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This fiber is from the United States.

Jacobs are small, horned black and white sheep. Spotted sheep were documented in England in the 1600's, andby the 1700's were widespread. They became popular as park, or "ornamental" sheep due to their spots and multiple horns (typically 2 to 4 horns, but up to 6 is not unusual). They were bred basically for spots and horns, and so a hardy primitive breed developed.

Jacobs were brought to the United States in the 1900's. In the US, Jacob fleece has become quite popular with handspinners and fiber artists, and sheep are now selected primarily for fleece characteristics, but there remains alot of variability in fineness and length, which is a typical trait of primitive breeds. The US breed has diverged from the British, because in England, Jacobs are now typically selected for greater commercial productivity in larger carcass and uniform appearance.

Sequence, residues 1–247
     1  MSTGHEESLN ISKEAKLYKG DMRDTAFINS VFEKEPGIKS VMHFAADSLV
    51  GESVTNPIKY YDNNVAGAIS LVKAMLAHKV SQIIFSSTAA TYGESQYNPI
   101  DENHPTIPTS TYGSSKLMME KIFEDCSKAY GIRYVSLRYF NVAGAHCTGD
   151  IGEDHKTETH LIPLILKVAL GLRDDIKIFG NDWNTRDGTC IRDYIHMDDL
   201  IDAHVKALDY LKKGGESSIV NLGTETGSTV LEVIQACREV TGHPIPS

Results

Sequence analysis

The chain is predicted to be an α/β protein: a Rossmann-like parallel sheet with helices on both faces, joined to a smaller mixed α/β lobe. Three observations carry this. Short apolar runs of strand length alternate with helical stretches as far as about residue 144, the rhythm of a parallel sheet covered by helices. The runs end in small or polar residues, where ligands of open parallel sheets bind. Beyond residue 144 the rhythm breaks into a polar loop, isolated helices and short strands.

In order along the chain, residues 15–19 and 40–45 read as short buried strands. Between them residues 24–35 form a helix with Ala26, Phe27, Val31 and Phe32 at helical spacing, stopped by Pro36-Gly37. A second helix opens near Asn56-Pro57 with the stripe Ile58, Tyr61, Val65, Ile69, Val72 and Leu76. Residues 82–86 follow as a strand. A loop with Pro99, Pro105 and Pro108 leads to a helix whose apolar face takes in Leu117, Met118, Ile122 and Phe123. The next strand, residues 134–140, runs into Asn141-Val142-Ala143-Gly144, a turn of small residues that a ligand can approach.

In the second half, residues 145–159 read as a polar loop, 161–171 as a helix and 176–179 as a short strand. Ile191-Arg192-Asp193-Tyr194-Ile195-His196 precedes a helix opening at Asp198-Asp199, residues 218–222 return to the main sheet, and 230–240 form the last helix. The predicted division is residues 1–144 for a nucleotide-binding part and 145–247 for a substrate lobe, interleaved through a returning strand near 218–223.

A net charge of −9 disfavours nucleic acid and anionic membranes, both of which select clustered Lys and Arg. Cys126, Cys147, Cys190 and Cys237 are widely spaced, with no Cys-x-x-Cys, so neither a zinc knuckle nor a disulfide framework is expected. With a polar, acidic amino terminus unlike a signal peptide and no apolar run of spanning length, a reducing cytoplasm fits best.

This fiber comes from my neighbor's flock of entirely spoiled and coddled Jacob sheep. Their fiber is exceptionally soft, with the lighter colors typically softer than the darker ones.

American Livestock Breeds Conservancy Designation: Threatened, conservation priority. For more information, please see: